National promises youth welfare boost
National says it will extend its youth welfare service to all under 20s if it forms the next government.
The Government's flagship youth welfare programme has made significant inroads toward lifting educational achievement and reducing benefit dependency.
National Social Development Spokeswoman Paula Bennett today made an election promise to extend it to an extra 5700 teens who were currently receiving a benefit.
She said the total extra cost to extend the programme would be "between $10-$15 million".
The scheme currently involves providers working directly with about 3000 16 and 17-year-olds who are on benefits, or unemployed and not receiving any education or training.
"This approach is working well, and that's why we are going to extend it to 19-year-old sole parents, and to many other 18- and 19-year-old beneficiaries who need more support or who are at risk of long-term welfare dependence," Bennett said.
"Many 18- and 19-year-olds coming into Work and Income need more than job search assistance - they need help to get their lives on track, manage their money and pay the bills.
"National supports people in need, but expects them to do everything they can to get back on their feet when they are able."
Under the new policy, Work and Income would assess all under 20s who were seeking a benefit.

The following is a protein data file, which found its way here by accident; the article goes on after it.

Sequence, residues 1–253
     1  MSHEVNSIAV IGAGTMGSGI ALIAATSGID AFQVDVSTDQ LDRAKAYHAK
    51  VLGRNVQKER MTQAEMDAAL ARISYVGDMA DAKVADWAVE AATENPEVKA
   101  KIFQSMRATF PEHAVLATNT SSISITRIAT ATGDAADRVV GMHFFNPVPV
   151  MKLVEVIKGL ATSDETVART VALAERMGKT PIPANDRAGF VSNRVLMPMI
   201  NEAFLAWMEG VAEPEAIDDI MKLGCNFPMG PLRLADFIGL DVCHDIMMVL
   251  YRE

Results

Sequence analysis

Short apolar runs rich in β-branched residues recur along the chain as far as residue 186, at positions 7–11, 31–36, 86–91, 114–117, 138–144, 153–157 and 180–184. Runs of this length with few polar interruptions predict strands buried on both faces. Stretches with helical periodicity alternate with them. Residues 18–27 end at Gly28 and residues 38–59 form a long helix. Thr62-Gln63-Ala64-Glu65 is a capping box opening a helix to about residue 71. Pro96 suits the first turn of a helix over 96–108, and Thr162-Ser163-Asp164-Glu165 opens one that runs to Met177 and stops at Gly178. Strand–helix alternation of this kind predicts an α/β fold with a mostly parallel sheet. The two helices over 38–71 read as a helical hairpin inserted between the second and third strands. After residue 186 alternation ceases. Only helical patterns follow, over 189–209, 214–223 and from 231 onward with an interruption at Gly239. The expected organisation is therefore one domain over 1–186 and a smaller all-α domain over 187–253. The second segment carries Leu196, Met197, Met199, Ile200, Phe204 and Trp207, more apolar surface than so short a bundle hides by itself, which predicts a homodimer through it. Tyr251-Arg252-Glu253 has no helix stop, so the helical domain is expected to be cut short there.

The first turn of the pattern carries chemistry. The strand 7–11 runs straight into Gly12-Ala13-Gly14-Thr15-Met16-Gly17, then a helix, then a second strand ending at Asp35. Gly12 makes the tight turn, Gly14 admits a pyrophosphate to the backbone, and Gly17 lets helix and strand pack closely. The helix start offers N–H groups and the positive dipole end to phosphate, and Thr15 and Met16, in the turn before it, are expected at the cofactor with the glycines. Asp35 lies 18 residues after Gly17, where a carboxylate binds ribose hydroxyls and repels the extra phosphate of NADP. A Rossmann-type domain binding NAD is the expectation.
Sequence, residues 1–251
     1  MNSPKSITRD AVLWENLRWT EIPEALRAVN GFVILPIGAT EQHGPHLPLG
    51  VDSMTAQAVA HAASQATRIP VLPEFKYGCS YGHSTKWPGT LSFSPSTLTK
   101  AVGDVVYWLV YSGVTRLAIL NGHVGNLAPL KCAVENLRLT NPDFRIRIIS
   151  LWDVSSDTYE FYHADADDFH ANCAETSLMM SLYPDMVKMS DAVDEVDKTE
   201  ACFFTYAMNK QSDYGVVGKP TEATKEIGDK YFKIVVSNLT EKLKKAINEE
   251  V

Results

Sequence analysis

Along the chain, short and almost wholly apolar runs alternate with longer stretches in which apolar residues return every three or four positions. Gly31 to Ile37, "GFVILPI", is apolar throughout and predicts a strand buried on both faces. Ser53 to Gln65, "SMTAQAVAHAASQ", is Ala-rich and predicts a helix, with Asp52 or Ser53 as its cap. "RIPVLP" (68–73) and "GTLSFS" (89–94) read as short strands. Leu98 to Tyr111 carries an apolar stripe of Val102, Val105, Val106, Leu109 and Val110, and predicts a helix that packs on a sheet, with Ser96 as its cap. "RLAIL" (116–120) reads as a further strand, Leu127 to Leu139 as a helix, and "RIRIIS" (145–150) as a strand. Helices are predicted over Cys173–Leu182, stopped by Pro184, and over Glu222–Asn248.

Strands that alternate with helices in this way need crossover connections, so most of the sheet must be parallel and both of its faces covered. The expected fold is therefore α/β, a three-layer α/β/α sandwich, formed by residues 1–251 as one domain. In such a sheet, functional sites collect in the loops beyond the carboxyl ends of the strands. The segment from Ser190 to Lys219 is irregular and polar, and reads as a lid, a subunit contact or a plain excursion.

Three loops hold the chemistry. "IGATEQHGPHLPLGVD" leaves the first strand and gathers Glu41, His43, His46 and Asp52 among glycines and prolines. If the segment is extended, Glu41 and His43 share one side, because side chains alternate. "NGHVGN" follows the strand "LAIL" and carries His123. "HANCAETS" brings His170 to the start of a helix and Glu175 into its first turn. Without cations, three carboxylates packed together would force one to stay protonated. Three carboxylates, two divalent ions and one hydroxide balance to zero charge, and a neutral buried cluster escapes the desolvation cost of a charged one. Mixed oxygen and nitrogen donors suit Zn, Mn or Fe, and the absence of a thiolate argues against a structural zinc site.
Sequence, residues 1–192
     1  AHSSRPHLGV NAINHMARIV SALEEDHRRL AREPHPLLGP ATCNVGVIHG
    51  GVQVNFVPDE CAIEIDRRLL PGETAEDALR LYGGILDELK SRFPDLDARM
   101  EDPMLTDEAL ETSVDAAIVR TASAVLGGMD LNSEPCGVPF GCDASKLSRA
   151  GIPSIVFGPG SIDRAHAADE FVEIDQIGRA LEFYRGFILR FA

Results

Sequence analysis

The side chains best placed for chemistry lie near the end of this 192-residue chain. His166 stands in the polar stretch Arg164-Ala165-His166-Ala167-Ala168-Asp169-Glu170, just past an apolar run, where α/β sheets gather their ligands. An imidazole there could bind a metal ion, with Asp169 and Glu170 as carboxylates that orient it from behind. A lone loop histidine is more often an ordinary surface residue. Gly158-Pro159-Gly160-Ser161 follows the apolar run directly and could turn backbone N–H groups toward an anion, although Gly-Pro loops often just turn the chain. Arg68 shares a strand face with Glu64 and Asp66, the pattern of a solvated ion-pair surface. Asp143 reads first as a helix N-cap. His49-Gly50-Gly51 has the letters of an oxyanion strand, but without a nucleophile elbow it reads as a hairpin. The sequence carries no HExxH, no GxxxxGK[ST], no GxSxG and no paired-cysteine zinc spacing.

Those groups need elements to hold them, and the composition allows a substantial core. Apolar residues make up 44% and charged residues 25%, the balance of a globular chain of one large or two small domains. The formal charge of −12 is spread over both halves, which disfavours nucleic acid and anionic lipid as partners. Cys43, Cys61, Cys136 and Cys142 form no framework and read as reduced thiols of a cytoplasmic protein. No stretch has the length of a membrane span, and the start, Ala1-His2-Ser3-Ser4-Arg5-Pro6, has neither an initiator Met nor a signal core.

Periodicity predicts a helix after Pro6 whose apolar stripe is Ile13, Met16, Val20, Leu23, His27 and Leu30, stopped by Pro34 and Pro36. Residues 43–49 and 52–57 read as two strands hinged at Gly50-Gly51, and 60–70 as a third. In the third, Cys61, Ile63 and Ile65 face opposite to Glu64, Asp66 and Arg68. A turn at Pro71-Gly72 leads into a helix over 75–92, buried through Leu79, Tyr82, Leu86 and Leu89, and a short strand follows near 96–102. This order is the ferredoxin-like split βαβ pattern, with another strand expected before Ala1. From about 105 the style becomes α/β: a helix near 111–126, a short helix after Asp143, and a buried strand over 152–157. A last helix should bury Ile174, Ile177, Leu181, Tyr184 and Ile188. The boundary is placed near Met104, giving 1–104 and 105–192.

Those identified as having "complex needs" would be referred to a youth service provider, where they would receive intensive support and guidance, together with budgeting support and the use of a payment card.
The young people involved must participate in education, training or work-based learning and budgeting, and are given little control of their benefit.
The announcement follows a report released by the ministry last month which showed 16 and 17-year-olds on a benefit accounted for 70 per cent of the ministry's future welfare liability.
By June 30 last year, that welfare liability was $76.5 billion, $7.4b lower than forecast, with $4.4b of the savings directly related to the reforms.
As of May this year, 45.8 per cent of young people who left the programme were not on a benefit three months later. Fewer young parents were also on a benefit; from about 4800 in December 2009 to 2600 in May this year.
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